For spells/skills/etc there would be hotkeys rather than menus. Menus take time to scroll through, and that really doesn't work with a time-based system.(that's why action games don't really have them!)

There would be no way to survey the battle and gain your bearings. It all just happens. During the enemy team's phase the camera does not shift focus to their units. Instead, you keep an eye on your own. In an action game you're never really afforded omniscience-- You have to observe with your own eyes, so the same concept is applied here. This also lets elements of stealth and deception come into play, which do sometimes play a role in action games.

Remember the goal here is to bring the turn-based game elements and benefits while maintaining the vibe and pace of an action game. If I wanted to do it the other way, and make a turn-based game with action game elements, I might do things like add menus to choose skills from and let the player be omniscient of the playfield. But in this case, I want to keep those action game elements. Where you're not some puppeteer, but instead directly in the action.

Tuesday, December 6, 2011

Secrets, Novella, and Nutella

Unlike the usual trend of musings and teasings, today I'm simply going to talk about what I've been doing. While, yes, it is a tease, it is not entirely a tease on game development, something which I think I talk about for the majority of my time on here. So today I'm going to talk about art, writing, UI programming, and film.

In my art class I just finished a surrealistic painting. Is it good? I don't know! But one thing is for sure: I need a ton more experience with acrylic paint before I'll be able to satisfy my personal expectations. I also need to work on my steadiness with a brush-- It's something I'm not used to using, so I tend to get pretty shaky with it sometimes.

I've also been working on my digital art skills for video games. Sure, I've done legions of sketches and stills, but it wasn't until recently that I've gotten interested in drawing/"painting" my game art rather than using low-res pixel-based art. I think it will propel the visual aspect of my games to new heights. And while, yes, I do have a certain love for pixel art and also for low-res art, it does not fit in with the kinds of games I'm looking to make. Also, I'd rather not do pixel art just for nostalgia's sake. And finally, aside from all that, it's been very refreshing and fun doing hand drawn game art! I'm enjoying it a ton.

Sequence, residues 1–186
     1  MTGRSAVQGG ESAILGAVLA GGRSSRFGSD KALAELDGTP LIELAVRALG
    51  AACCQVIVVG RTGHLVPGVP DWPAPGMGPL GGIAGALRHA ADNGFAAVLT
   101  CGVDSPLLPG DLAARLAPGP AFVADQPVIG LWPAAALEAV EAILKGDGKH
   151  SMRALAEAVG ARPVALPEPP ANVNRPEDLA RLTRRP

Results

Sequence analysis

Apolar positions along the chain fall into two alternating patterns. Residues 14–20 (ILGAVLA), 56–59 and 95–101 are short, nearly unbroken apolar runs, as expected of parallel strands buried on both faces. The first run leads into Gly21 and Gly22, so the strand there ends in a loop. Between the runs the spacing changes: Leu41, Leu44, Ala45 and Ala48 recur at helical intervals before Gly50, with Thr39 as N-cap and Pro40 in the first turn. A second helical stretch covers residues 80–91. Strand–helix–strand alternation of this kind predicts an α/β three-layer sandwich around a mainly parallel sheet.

I've begun writing a short novel in the spirit of NaNoWriMo. I missed the actual event, so I'm just doing this for the sake of it. I think pushing myself to write a 50,000 word novel in a month will seriously propel my storytelling skills. I'm just over a week in and I'm already building technique like crazy. I can't guarantee the novel will be any good, but it will exist. So far it's relatively cohesive, but we'll see if that changes. Once I'm done I'll be putting it up at my site for download.

UI Programming
Macs are awesome to write UI with. My nuances with Xcode aside, I've found designing and programming UI with Cocoa to be a pleasurable experience. Some things, like populating a table, require somewhat crazy amounts of effort in the eye of a beginner like me, but now that I've learned how all the pieces of the puzzle fit together I'm finding it to be a very effective and well thought-out model with lots of flexibility. My current project is a UI level editor for a secret game project I have an idea for. I'm making it both for the learning experience and for it's application, because I can see this game as being one that requires a ton of level design. If the level editor comes out any good I'll open-source it for all you peoples. I'm going to try to make it as user-friendly and efficiently coded as possible. *ahem* Let's see how well that works out.

I'm beginning work on a short series called "Zombie Fast Food"(name may change). You may or may nor recall me making a trailer for this series earlier this year. Yes, well, so far they're related in name only. There is zombies, food, and survivors though, I assure you. This project is being done for my film class at school. The main goal with this series is to gain experience in a wide and balanced variety of film making elements and to use my surrounding resources well. Visual storytelling, cinematography, post-production, pre-production, makeup, etc. There are lots of run-down and rickety buildings amidst a forest-like setting here, so I thought that would work perfectly for a somewhat-cliche zombie movie. It breaks off from the zombie movie cliche in that it's not really a horror or action movie, per se, it's more of a drama. We'll see how this goes.

Anyway, that's all for now! I'll post results as soon as things materialize.

Wondering how Nutella got in the title? Keep wondering.